How to Effectively Wind Down a Real Estate Investment Fund
October 24, 2022
By Gary Coleman and Zhi Man Huang
Closed-ended, real estate private equity funds (“RE Funds”) are generally created with a limited life, with the expectation that all contributed capital, hopefully along with excess amounts, will be returned to investors. Fund managers are experts at raising and investing capital. From Q3 2017 to Q3 2019, 285 real estate investment funds raised more than $250 billion. With this level of activity, the fund manager’s primary focus is to deploy this capital, invest wisely, and nurture and harvest its investments.
The wind-down or termination process is often not a primary focus in the overall management of a fund. This process often ends up as an afterthought to be dealt with years down the road. While there is no set playbook for fund wind-down or termination, developing a preliminary plan outlining the steps necessary to have an orderly wind down as early as possible in the RE Fund’s life cycle benefits the fund manager.
Significant issues may arise if an orderly plan is not implemented. Straggling investments will need to be liquidated in an orderly fashion to avoid a fire-sale situation that may reduce overall returns. Sufficient cash must be retained at the RE Fund to meet the remaining operating and dissolution costs. Failure to do so may require a clawback of distributions from investors or for the fund manager to absorb the cost—neither of which are preferred. Keeping investors informed at the end of the RE Fund life is also crucial to maintaining relationships and confidence as the manager gears up for the next fund. Lack of preparation shows disorganization and may leave investors less confident in the fund manager’s abilities.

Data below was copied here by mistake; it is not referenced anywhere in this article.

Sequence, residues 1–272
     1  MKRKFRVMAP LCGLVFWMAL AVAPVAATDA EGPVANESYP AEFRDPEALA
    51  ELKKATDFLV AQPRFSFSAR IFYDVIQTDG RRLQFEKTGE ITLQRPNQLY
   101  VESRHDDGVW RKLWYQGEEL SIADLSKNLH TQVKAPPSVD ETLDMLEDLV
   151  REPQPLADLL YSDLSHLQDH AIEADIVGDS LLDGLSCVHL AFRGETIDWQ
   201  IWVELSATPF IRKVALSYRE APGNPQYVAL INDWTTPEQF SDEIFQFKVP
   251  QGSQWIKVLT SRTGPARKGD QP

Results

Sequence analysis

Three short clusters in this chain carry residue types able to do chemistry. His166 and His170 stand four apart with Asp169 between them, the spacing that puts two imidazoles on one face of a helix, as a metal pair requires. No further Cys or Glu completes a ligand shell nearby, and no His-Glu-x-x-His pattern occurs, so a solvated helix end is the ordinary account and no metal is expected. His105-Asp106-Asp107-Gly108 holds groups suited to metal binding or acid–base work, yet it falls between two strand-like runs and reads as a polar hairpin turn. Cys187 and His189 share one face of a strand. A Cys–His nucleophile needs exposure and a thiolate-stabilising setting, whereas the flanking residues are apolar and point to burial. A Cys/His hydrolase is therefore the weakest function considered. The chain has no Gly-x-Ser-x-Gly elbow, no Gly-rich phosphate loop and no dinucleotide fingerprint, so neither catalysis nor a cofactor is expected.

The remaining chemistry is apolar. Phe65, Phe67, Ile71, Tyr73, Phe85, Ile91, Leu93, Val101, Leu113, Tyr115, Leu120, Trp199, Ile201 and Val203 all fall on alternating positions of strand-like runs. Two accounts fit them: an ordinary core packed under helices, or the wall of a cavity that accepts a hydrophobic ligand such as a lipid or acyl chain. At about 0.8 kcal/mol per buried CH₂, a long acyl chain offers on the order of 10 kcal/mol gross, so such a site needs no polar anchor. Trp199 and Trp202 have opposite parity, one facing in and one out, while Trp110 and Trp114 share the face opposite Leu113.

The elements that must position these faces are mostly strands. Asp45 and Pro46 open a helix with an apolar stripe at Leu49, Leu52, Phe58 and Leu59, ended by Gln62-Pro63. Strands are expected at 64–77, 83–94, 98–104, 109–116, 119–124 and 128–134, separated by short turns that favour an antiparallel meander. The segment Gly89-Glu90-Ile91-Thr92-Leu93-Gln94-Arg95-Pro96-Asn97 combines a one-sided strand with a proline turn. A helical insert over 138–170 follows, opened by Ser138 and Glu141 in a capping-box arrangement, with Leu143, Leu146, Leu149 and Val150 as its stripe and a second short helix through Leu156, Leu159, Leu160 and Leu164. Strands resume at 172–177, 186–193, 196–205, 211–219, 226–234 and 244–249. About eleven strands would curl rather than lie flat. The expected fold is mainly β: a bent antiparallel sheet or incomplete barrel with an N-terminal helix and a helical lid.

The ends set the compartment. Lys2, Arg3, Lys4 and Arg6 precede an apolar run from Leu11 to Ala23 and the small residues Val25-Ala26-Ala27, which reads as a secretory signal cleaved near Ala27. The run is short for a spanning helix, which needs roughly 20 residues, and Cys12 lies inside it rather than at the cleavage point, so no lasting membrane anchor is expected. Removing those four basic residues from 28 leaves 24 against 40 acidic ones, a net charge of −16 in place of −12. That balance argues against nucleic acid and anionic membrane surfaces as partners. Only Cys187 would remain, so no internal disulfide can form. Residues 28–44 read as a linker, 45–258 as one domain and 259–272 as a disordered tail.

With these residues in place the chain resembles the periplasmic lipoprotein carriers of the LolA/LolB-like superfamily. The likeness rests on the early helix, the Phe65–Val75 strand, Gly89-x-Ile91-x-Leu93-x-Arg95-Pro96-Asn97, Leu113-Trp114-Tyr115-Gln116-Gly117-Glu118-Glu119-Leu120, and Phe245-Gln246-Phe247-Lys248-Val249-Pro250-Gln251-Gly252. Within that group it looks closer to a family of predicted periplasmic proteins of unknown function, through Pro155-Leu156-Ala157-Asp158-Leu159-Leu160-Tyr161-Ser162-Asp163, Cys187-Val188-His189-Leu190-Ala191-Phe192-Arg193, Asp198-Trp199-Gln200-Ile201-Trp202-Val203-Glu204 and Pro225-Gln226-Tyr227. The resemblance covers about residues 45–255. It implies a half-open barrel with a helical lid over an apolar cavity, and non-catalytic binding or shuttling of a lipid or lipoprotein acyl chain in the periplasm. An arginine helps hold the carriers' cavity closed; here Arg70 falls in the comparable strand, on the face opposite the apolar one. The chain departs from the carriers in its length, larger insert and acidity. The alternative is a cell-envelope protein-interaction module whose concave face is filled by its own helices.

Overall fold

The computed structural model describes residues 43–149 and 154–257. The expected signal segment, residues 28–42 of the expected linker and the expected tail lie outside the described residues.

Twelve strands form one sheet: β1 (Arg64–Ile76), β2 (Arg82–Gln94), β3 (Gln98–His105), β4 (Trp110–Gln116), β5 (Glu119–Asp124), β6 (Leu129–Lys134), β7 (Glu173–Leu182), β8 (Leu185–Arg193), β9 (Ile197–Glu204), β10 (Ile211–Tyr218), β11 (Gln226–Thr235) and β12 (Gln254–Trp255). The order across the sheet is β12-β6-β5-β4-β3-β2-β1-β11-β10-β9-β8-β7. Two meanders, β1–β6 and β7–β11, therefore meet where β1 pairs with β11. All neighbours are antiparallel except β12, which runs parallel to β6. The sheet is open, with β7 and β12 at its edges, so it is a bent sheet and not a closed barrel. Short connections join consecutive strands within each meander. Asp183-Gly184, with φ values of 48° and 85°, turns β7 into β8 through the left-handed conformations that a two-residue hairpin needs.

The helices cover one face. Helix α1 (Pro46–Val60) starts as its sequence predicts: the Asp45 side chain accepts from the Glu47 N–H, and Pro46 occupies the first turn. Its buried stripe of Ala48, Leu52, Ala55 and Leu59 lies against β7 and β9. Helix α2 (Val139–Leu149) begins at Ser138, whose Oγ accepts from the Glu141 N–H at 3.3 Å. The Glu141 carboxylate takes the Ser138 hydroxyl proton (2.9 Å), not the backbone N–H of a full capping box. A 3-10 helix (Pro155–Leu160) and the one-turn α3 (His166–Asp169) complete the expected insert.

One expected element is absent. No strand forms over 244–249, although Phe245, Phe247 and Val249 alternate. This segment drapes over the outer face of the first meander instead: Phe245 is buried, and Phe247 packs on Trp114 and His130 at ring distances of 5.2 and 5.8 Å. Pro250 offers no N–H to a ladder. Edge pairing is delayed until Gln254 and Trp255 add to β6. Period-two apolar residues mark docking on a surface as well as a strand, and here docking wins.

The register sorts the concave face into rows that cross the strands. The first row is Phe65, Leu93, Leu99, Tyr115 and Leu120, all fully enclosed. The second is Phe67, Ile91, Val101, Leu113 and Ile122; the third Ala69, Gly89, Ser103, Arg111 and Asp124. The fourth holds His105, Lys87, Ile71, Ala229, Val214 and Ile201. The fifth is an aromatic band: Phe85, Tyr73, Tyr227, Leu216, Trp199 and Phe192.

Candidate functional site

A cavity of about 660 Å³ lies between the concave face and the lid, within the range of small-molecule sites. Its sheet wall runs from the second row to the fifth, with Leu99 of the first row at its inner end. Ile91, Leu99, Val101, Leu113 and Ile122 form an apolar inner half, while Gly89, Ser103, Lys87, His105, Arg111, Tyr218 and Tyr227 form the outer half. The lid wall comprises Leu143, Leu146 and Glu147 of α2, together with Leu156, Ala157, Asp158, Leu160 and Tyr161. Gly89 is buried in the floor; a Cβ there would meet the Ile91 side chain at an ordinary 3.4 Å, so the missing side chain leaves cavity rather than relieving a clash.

Consider the following items when creating a wind-down plan:
Fund managers should properly inform investors that the RE Fund has entered the wind-down phase and detail its termination plan. Plan details may include (1) the timeline to realize remaining investments; (2) projected future distributions; and (3) estimated dissolution costs.
Plan termination will require help from service providers such as lawyers, accountants, fund administrators, registered agents, and so forth. Inform these service providers that the RE Fund is winding down so they have sufficient time to perform their services. Lawyers may need to draft extension agreements or review the existing governing documents for any contingencies, accountants should project taxes and estimate future expenses, and registered agents may have to inventory existing entities for dissolution and estimate of costs.
Estimate Operating Expenses and Dissolution Costs
Estimate the RE Fund’s operating costs for the period until final termination and costs of dissolution. This will help to determine the amounts to hold back from distributions to meet the fund’s future cash flow needs. Failure to do so may lead to the fund manager having to pay costs (e.g.; management, legal, accounting and dissolution) out of pocket.
Realize Remaining Investments
An RE Fund may hold several investments at its term end. This may be because the asset is not in a salable condition (development deal in process), market conditions for that location or asset class have deteriorated, or management believes additional value can still be extracted. Regardless, revisit underwriting assumptions, project a realistic timeline for divestment, and consider alternatives if a sale is not viable:
- Extend the Fund – Most governing documents include options to extend the life of the RE Fund. Extensions can also be obtained with investor consent. An extension gives the fund manager more time to realize the original investment thesis or find investment alternatives.